In the year 1940, 75 years after slavery was abolished, African Americans were still experiencing hateful and demoralizing discrimination. In Maya Angelou's "Graduation," she describes her roller coaster of emotions on her 8th grade graduation day. Angelou was an acclaimed poet, author, dancer, actress, playwright, director, and civil rights activist. In 1993, she recited her poem, "On the Pulse of the Morning," at President Clinton's inauguration. However, it was Angelou's legendary writings that set her apart. Her autobiography, I Know Why The Cage Bird Sings, was nominated for numerous awards, and remains an essential book for many. Through a variety of literary techniques, such as metaphor, simile, personification, and imagery, Angelou presents the hardships of being a young black citizen in America during 1940 in "Graduation". Yet, it was the racist speech that Mr. Donleavy gave that led Angelou to a personal realization. As Angelou recounts her graduation experience in 1940 from an individual perspective and a crowd's reaction, she provides an in depth look into discrimination, self-evolution, and how perseverance can be one's most valuable trait. .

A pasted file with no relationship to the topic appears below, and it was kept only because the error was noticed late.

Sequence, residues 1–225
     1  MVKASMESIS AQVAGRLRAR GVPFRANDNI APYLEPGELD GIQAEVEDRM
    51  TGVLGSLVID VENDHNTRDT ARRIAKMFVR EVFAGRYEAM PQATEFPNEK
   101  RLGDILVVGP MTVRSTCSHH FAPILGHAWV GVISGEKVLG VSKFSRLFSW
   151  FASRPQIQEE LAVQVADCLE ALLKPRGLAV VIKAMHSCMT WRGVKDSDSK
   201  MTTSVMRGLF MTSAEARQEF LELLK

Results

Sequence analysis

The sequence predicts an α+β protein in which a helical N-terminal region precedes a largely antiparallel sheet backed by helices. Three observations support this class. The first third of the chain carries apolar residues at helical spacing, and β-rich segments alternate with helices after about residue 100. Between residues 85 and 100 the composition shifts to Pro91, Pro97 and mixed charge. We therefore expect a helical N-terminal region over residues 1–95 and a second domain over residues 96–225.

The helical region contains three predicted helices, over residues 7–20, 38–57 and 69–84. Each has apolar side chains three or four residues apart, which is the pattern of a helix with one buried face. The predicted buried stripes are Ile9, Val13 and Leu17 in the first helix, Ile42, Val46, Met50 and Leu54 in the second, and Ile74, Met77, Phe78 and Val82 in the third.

Angelou begins her story by describing the pure excitement and anticipation that the town of Stamps, Arkansas felt surrounding the graduation. For any student, like Angelou, a graduation is meant to be an uplifting, proud, and significant moment in one's life. Because African Americans were still experiencing discrimination in 1940, the event of a graduation symbolized great honor and achievement. Angelou proclaims, "Oh, it was important, all right" (Angelou 22). It is obvious to the readers that the citizens of Stamps, Arkansas viewed the graduation day less as a ceremony, and more like a holiday. Moreover, Angelou lists a variety of examples that display how the town and her family were elated for the graduation.